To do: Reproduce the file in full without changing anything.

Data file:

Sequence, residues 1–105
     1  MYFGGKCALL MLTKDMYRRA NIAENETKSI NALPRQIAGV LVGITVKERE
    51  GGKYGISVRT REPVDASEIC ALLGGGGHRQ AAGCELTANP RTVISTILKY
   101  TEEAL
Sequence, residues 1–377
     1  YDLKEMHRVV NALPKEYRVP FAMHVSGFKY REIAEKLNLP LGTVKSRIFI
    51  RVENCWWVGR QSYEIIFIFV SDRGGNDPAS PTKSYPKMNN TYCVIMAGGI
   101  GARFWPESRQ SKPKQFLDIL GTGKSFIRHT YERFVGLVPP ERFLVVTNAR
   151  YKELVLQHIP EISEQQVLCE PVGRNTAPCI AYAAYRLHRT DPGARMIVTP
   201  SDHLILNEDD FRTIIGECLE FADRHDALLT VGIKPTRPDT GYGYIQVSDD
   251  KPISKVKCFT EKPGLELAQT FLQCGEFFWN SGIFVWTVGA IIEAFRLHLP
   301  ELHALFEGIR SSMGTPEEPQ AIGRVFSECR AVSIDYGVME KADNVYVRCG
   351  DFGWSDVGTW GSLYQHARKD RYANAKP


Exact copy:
Sequence, residues 1–105
     1  MYFGGKCALL MLTKDMYRRA NIAENETKSI NALPRQIAGV LVGITVKERE
    51  GGKYGISVRT REPVDASEIC ALLGGGGHRQ AAGCELTANP RTVISTILKY
   101  TEEAL
Sequence, residues 1–377
     1  YDLKEMHRVV NALPKEYRVP FAMHVSGFKY REIAEKLNLP LGTVKSRIFI
    51  RVENCWWVGR QSYEIIFIFV SDRGGNDPAS PTKSYPKMNN TYCVIMAGGI
   101  GARFWPESRQ SKPKQFLDIL GTGKSFIRHT YERFVGLVPP ERFLVVTNAR
   151  YKELVLQHIP EISEQQVLCE PVGRNTAPCI AYAAYRLHRT DPGARMIVTP
   201  SDHLILNEDD FRTIIGECLE FADRHDALLT VGIKPTRPDT GYGYIQVSDD
   251  KPISKVKCFT EKPGLELAQT FLQCGEFFWN SGIFVWTVGA IIEAFRLHLP
   301  ELHALFEGIR SSMGTPEEPQ AIGRVFSECR AVSIDYGVME KADNVYVRCG
   351  DFGWSDVGTW GSLYQHARKD RYANAKP